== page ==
Spiller&Burr


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Bluehawk
May 29, 2006, 03:48 PM
Has anyone owned and shot the Pietta copy of the Spiller&Burr and if so what was your impresssion of it? I have one that functions fine but cant hit anything with it at 7 yards with roundball loads!

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mec
May 29, 2006, 06:03 PM
havent shot one. had a friend who shot one into frame stretch ragged distruction a few decades ago. It took longer to do it than with a lot of brass framed revolvers but it finally stretched out. He never did say much about accuracy and I belive this might have been before he really became a competent shot.

Yankee John
May 29, 2006, 06:46 PM
I bought one a few month ago at a gun show, but I haven't shot it yet.

Mine was made in 1991 and seems to have decent fit & finish. The cylinders line up perfectly with the barrel and it indexes well. VERY comfortable in the hand.

I have heard that with 20-22 gr. of powder, that they will shoot forever without stretching the frame.

mec
May 29, 2006, 07:31 PM
that would be a good strategy. If the rammer will set the ball down on top of the powder charge, you should be good to go. If not, you may need a wonder wad or some sort of filler. some remington types will allow you to seat the ball on top of that volumn of powder. the ball will be pretty far down in the chambers but I severely doubt that the resulting jump will detract from the accuracy. Most Piettas have tight chambers and will get a perfect seal with .451 bullets and balls. If this is the case with yours, it would be best to use those balls or the smallest diameter that will completely seal he chambers. this will reduce the amount of force you have to use on the rammer - an important source of frame stretch and occasional colapse with the brass framed revolvers.
Your revolver seems to have all the prerequisits for good accuracy. It would be kind of nice to experience this confederate version of the Beals/Eli whitney type revolver. From what I've read, the south contracted for a significant number of them (15,000) and when S&B couldn't make the numbers, the confederacy took over the factory.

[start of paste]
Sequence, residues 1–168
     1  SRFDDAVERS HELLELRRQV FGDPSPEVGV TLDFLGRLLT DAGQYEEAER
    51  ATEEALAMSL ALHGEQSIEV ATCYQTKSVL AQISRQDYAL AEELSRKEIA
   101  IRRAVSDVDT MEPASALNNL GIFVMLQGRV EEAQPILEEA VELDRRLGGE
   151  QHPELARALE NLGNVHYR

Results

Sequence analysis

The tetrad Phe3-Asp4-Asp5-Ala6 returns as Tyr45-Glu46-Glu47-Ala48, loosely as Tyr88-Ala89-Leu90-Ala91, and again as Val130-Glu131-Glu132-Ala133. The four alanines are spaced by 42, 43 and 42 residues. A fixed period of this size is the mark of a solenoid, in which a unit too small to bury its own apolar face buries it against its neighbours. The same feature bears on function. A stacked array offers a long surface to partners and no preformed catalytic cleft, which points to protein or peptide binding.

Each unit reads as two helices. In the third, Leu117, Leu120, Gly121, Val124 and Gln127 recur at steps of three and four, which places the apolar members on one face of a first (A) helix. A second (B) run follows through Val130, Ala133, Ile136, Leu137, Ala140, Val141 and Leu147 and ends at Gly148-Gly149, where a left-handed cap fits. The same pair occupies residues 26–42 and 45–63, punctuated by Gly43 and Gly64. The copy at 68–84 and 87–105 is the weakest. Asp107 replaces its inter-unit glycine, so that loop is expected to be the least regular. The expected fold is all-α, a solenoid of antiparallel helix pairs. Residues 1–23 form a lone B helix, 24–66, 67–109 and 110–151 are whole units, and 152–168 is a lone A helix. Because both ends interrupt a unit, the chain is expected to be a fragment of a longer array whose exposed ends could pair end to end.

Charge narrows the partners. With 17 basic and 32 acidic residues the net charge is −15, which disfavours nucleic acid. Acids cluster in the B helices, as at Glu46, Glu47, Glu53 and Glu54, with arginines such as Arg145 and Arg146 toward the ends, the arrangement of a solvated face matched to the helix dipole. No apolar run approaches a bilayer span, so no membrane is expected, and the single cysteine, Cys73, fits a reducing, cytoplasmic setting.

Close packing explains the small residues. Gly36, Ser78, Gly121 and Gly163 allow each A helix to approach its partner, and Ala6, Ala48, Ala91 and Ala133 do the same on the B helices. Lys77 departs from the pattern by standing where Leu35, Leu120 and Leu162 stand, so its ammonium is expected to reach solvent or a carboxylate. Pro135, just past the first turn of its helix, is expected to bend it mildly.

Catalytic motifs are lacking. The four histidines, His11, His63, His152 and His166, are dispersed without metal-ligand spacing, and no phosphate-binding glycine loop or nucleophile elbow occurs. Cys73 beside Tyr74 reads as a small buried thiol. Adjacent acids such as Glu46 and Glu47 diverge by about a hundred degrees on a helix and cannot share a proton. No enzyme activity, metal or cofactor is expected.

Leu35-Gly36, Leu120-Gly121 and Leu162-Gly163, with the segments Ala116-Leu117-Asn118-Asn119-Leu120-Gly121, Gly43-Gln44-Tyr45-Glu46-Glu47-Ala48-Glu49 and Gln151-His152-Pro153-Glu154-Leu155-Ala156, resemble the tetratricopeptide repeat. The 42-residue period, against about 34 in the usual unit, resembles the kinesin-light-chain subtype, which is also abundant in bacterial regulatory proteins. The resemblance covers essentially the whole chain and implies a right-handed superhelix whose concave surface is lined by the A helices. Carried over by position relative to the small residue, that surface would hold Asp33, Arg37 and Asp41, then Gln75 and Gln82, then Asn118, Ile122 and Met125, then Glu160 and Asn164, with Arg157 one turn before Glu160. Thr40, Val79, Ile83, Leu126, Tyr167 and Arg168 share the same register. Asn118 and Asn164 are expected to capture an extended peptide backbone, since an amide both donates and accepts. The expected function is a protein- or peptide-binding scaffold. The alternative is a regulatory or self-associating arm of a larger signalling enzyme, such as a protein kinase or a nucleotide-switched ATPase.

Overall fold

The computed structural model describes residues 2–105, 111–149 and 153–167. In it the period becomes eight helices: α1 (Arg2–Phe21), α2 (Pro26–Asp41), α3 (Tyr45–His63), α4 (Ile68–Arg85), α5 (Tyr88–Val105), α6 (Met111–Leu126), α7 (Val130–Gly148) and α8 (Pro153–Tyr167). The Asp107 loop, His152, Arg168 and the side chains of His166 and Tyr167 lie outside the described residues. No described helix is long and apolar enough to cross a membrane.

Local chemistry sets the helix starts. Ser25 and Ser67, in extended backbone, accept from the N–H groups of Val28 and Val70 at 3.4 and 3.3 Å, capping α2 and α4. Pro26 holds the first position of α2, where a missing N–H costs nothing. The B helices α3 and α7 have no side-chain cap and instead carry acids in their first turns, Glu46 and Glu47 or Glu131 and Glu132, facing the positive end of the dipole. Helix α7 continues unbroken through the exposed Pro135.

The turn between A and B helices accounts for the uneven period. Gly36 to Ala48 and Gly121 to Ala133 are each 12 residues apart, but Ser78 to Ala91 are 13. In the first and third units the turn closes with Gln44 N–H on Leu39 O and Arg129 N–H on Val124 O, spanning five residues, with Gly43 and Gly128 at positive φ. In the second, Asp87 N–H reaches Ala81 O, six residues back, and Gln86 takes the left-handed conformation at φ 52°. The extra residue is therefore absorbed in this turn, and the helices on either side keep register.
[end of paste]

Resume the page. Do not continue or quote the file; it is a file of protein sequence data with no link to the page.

pohill
May 29, 2006, 08:18 PM
I have an old old Spiller & Burr that I've tried to, but cannot, trace its maker. The only markings on it are CSA on the frame and the serial number 82. No proof marks, nothing. Might be an old kit gun. Anyways, it's very solid, well made, and shoots very high with 18 grs black powder, higher than any other revolver I have.
How do you post pics on the forum?

Smokin_Gun
May 29, 2006, 09:13 PM
Pohill you can use the selection on Tinypic. Just copy and paste it. Or just copy the hyper text to click on.

example: [IMG] http://i4.tinypic.com/1128m03.jpg

Starter52
May 29, 2006, 10:47 PM
I bought a Spiller & Burr from Dixie Gun Works in 1976 and ran at least 300 rounds through it that year. It was my first BP revolver. It was still shooting just fine when I sold it in 1980.

And yes, it did shoot high. I blamed the very low front sight.

I bought another one a few years back, but I've never fired it. The 21st Century model doesn't seem as well made as my earlier gun.

Niner
May 29, 2006, 10:50 PM
It was made for Dixie Gun Works by Fllipietta. 36 Cal. I think I could throw it at a target and get about as good a results as shooting at the same target. If this were the first BP pistol I had owned, I would have never bought another. However, results could be different with yours. Maybe it was the way I loaded it or my eyesight or something. :D

Smokin_Gun
May 30, 2006, 01:38 AM
Niner... are you givin it away? HeHe! Does it just shoot high or just left or just right?
Have you checked cylinder alignment with the barrel. At full cocked look down the barrel with shining a lite or flashlite from the side.(at forcing cone and cylinder) If you see a fullmoon(chamber)it's timed or clock correctly, if not and you see a 3/4 moon or 1/2 moon...there's the accuracy problem. If it is good then all you have to play with is the sites. Does it shoot good groups maybe not on the X but does it keep the shots together?
I'm tryin' to help ya but also thinkin' of getting one, maybe, now maybe not. Unless you sell yours cheap...